ONLY a third of council-run nurseries in Scotland's largest local authority are offering wrap-around care for working families, according to campaigners.
Figures show Glasgow City Council operates 112 nurseries across the city, but only 39 offer extended hours between 8am and 6pm.
The figures also show the authority's nurseries offer a total of 13,883 places across the city, but only 23 per cent of these - some 3183 - cover the working day.
Parents highlighted the figures in a continuing row over how the council is delivering the Scottish Government's promise to offer families a mandatory 600 hours of funded early learning and childcare for three and four-year-olds.
Councils are expected to use part of their overall block grant to provide enough free places for parents in their area.
Glasgow does this by funding places in its own nurseries first and then paying partnership providers in the private sector for the additional demand.
However, a survey by campaigning parents has already shown hundreds of Glasgow children are unable to secure fully funded places at the private nurseries they currently attend.
The council argues there are enough places available in state-run nurseries to meet demand, but campaigners say the new figures prove the places are not suitable for working families because they cover only part of the day.
Jennifer Gorevan, a spokeswoman for the campaign to secure free places for all parents, said: "In Glasgow there are hundreds of children in partnership nurseries who are eligible for early years funding, but cannot access their entitlement.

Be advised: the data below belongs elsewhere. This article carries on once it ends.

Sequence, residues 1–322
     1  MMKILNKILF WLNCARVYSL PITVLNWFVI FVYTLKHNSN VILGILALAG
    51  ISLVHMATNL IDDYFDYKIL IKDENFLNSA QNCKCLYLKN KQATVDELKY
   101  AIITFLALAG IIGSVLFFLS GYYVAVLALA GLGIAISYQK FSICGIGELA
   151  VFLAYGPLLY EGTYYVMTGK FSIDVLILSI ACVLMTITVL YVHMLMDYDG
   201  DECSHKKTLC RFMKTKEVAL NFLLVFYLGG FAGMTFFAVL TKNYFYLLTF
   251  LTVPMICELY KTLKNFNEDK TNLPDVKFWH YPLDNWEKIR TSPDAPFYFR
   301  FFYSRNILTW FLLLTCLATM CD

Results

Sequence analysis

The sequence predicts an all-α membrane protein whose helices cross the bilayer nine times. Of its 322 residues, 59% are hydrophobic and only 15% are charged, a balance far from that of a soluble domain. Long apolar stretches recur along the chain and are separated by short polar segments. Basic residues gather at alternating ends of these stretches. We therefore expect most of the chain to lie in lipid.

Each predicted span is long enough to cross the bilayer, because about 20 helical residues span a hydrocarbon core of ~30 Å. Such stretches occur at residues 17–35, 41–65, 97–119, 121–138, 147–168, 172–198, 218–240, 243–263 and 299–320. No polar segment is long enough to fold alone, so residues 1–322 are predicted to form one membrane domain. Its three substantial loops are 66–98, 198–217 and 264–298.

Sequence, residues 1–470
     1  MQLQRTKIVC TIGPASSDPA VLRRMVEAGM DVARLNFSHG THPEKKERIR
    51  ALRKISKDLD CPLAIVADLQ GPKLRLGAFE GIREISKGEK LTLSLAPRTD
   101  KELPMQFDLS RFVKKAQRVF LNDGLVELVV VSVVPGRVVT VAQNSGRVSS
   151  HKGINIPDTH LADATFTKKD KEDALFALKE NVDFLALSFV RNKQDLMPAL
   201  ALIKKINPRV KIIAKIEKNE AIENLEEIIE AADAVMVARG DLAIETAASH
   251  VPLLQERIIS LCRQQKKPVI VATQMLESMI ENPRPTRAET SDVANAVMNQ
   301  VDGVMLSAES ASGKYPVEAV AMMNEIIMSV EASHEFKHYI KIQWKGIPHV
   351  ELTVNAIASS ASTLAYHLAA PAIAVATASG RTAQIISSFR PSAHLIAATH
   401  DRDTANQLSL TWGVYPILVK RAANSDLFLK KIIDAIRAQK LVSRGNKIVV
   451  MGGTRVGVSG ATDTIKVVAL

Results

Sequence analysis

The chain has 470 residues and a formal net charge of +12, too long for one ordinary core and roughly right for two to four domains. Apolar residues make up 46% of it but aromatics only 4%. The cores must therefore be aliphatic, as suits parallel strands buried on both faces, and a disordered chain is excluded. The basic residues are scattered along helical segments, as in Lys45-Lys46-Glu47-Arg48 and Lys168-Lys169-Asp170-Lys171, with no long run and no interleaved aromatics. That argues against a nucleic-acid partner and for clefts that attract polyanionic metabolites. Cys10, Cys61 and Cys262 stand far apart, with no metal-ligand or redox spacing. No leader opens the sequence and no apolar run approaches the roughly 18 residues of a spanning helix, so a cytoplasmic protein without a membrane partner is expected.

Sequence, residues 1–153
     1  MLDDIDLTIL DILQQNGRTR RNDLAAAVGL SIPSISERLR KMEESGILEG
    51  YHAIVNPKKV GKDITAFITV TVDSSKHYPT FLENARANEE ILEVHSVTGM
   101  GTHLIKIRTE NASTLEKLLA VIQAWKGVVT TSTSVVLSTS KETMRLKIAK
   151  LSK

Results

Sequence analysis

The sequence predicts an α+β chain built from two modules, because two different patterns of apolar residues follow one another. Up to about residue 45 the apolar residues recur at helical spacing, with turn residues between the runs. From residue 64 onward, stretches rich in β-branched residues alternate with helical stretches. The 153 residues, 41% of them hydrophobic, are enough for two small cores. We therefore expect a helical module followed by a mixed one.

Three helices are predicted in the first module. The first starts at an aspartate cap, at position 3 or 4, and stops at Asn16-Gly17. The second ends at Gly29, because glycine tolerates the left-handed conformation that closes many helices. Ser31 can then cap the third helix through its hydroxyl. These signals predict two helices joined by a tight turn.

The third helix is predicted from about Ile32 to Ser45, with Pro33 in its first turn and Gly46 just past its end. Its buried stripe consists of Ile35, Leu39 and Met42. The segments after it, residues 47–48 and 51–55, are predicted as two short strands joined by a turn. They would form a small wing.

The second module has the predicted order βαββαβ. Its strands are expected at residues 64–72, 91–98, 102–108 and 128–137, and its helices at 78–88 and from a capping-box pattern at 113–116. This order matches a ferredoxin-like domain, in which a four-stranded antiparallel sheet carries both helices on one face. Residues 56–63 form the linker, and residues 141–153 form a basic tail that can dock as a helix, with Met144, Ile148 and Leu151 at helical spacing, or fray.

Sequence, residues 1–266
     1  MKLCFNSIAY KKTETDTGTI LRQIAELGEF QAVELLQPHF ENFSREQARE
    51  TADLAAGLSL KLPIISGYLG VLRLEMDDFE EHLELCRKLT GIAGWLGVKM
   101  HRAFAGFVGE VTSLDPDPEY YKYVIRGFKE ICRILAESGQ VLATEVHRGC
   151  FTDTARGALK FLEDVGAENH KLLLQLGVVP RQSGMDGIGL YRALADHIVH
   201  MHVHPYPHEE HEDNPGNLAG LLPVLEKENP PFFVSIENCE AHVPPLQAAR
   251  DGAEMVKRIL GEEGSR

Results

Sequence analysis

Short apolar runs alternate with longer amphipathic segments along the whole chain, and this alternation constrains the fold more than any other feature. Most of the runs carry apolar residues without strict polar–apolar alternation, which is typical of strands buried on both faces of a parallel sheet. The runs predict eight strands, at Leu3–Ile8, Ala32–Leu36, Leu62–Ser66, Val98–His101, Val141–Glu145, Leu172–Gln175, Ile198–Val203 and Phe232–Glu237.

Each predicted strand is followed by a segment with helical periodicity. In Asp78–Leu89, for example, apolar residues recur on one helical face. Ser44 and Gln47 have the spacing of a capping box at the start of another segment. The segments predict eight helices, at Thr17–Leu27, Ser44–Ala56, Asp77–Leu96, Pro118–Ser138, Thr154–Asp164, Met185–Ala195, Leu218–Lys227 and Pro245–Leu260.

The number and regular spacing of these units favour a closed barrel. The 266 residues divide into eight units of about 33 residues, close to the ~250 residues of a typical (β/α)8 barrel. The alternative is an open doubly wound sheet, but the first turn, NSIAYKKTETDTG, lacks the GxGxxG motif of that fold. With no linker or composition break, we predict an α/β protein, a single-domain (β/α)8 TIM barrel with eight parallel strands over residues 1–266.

"Meanwhile, there are thousands of council nursery places sitting empty because the half-day, term-time only model of provision that they offer is extremely difficult, if not impossible for working parents to take up.
"Someone must take responsibility for ensuring the Government's promise of free childcare for all becomes a reality. The current system is not fit for purpose and working families are losing out."
Shirley Hexley, the owner of Clarence House Nursery, Maryhill, said: "The council needs to address the problems working parents are facing when trying to access their child's free educational hours.
"This is an entitlement all three and four-year-olds have been promised by the Scottish Government, and it is just not being delivered."
However, a spokeswoman for the council said there were more than enough places for eligible parents in Glasgow.
She said: "We have nearly 14,000 nursery places that meets our duty to provide up to 600 hours for every three and four-year-old in Glasgow. This is over 1,000 more than required.
"We do try to support working families through extended day and full-time places, but it is just not possible for us to meet the needs of every family that needs full-time childcare."
The row has prompted calls for the Scottish Government to change the policy to ensure parents get funding wherever they send their children.
Purnima Tanuku, chief executive of the National Day Nurseries Association Scotland, said recently that the current system was greatly restricting the choice of parents and called for funding to follow children.
The Scottish Government said every council had a legislative duty to consult parents about where free places should be allocated.
The issue has also impacted on parents in East Lothian, where the council has capped the number of places it funds in private nurseries.